This is the first time I’ve ever seen a video by Christian Hull, and I could not stop laughing.
I lost track of how many of these rang true for me about halfway through the video, but I’m sure everyone who’s raising boys will recognize themselves…
She’s been called the queen of remote work.
And she knows that finding meaningful work that actually fits in with our lives and allows us the flexibility we need on a daily basis can feel almost impossible.
She would also be the first person to tell you that it’s not.
Sara Sutton Fell is the founder and CEO of FlexJobs. And this woman is fierce.
What happens when men in a United Kingdom pub are asked to pay an 18% surcharge on their purchases to make up for the gender pay gap?
A lot of funny reactions.
UK publication, Stylist, recently undertook this eye-opening experiment.
With the ongoing stories of sexual harassment flooding the news and our collective consciousness, there have been a lot of people—men and women alike—wondering what constitutes sexual harassment.
Is it ongoing and predatory and perpetrated only by people in a position of power? Or does it also include less overt behaviors?
Oftentimes, women are facing circumstances that they are shocked are even happening in the first place and aren’t quick to react in the moment, let alone even recognize the behavior for what it truly is. It might not be until later that day or week, when thinking back on the events that occurred that the victim thinks, “Did that really just happen?”
This week could not have been more of a medical mess in our house.
Things automatically get thrown off when you begin a Monday morning with a delayed school start due to snow. By the time I got both kids safely ensconced at their schools, I had just enough to run home and shower before having to pull my daughter back out of school for a physical therapy appointment. She had been having some pain for a while when she danced and we needed to take care of it with competition season coming up.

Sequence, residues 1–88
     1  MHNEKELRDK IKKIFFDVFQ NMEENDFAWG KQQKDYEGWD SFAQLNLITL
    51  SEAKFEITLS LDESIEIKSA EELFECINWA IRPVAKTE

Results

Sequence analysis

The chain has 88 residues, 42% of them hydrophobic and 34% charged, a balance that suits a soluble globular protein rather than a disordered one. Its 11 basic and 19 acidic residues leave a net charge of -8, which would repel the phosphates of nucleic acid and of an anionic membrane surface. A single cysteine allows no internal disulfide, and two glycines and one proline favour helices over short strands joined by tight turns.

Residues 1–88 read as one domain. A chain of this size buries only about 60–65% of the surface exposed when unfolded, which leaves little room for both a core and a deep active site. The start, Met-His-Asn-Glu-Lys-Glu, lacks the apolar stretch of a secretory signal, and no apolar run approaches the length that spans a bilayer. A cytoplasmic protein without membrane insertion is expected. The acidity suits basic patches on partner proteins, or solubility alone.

I am shocked that we still don’t have more flexibility in America in 2018.
Maybe my head has been buried in the sand. Or maybe it’s just because I’ve worked for a company that is so committed to helping people find the flexible jobs they need, that I thought there was more flexibility out there than there really is.
But my experience as someone who is currently looking for that additional side hustle is that there is still a limited amount of flexibility to be had.
I’ve written before about how I would really love to work full time at this point in my life, but I simply can’t within the rigid parameters of a 9-5 workweek. Two kids at two different schools with no busing means I just don’t have enough time that fits within the confines of a super-structured day.
First, I want to say that I am genuinely curious. I am asking this question from only the most loving and open-minded place. I am not accusing anyone of anything, and I honestly don’t want anyone to feel defensive.
I am simply fascinated by the complete and utter radio silence from the vast majority of men when it comes to the ongoing sexual harassment stories we are hearing about in the media.
And I want to understand.
I know a lot of adults say that when fully immersed in the responsibilities and obligations that come with adulthood. We joke about how we want to run away way more as adults than we ever did as children. We kid around with each other about running off to a beach somewhere and never coming back.
But, I’m not joking.
There are days when I just feel lost.
Okay, if I’m really being honest, it’s most days.
I walk around as if in a haze, almost always subconsciously thinking about how lost I am. And then in the next moment, I think, how is that even possible?
How is it possible that a 48-year-old suburban mom of two, with a degree and a home and a minivan and a dinky devil dog can feel this way?
I’ll tell you how…
A few weeks ago, I saved a video that I knew I wanted to watch when I had the time. I didn’t want to forget about it, so I put the name of the video and the speaker on my To Do list on my phone as a reminder for when I had a 20-minute break in my day to devote to it.